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Redistricting Forces Candidates Into New District Race

Arthur Thomas, 34, and Celeste Montez-Tidwell, 45, thought they’d be running in District 9 when they decided to make a run for the San Antonio City Council.

Montez-Tidwell has lived in the district for 15 years, but when she arrived at the city clerk’s office, she found out the city’s redistricting actually pushed her into District 10.

"So I took a big breath, I literally stood out in the hall and looked at myself and thought about myself, looked at my cousin, Casey, and said, 'What do we do?'" she said. "And I thought about it and I said I still believe in the same thing and I still want to do the same thing and this is my year."

Thomas said he found out several weeks before filing his paperwork at City Hall, but spared no feelings about how well redistricting information was distributed to people.

"There was no notification," he said. "I had to look at a map that Elisa Chan had brought to a meeting to see that I had been redistricted. They did a horrible job of informing people about redistricting."

Switching districts may be more of a mind game than anything. Each of the candidates, who are now facing District 10 incumbent Carlton Soules, said they'll make adjustments to their campaigns. Montez-Tidwell explained it as "spreading her wings" to reach more people.

As for Thomas, philosophical differences in political beliefs are at the heart of his concern.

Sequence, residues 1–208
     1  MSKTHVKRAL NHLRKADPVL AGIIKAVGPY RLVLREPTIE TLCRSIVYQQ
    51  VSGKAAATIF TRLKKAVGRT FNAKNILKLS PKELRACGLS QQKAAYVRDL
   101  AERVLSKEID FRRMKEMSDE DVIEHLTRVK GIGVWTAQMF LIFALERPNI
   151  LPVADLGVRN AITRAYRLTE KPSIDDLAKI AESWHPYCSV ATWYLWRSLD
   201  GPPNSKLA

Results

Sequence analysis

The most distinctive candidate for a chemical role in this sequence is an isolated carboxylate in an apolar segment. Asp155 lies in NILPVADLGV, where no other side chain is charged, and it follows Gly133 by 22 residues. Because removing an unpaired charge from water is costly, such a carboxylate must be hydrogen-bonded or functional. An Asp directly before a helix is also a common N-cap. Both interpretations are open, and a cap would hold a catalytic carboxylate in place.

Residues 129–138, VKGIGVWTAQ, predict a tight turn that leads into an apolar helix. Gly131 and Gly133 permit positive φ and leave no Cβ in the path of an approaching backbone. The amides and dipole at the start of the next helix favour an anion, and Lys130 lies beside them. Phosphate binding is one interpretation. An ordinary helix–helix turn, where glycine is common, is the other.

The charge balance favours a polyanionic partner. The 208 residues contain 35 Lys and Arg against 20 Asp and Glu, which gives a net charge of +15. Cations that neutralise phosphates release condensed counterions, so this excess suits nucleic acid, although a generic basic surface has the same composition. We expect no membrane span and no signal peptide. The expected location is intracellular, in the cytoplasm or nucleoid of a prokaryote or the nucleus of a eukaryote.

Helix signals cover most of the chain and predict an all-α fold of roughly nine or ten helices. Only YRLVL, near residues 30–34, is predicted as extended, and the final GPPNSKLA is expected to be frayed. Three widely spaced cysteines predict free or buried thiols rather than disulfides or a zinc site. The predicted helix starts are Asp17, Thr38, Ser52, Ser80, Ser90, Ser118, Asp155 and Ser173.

"I think it makes it a little harder to convince people to vote for me maybe because Carlton Soules, who I'm running against, is seen as the most conservative member on the council, and a lot of the people in the district like him, I acknowledge that," Thomas said.

Soules, along with Districts 8 and 9 council members Reed Williams and Elisa Chan, are seen as the conservative bloc on the council.

District 10 residents don't seem ready to identify with one party or another.

Vickie Caceras, who attended a District 10 town hall meeting on Thursday, April 11, said there are people of all backgrounds there.

"We're a working class community, and working class means mixed," she said.

Walt Wilson, an assistant professor of political science at UTSA, said city elections don’t generally put partisan politics into play as much. Geography, he said, may be more of a factor than anything.

"Simply by where we see demographic groups residing in the city, more likely on the North Side that you're going to elect a conservative, Anglo candidate, and many other parts of the city you're more likely to elect a more liberal minority candidate," he said.

Montez-Tidwell, a Democrat, she said she knows the people well in District 9, but she feels welcomed in her new district; maybe even a little more at home with the people there.

"The demographic in 10 that I've been consorting with and dealing with are actually probably more in my alley, I believe, opposed to the District 9," Montez-Tidwell said. "There are a lot more wealthy people in District 9 and the class is different. The district 10 people are located on the Nacogdoches area."

Wilson said city elections often come without the convenient party labels of bigger elections. That, combined with fewer people going to the polls, make elections like this harder to predict.

Ultimately, it may not matter where a candidate runs – if people don't vote.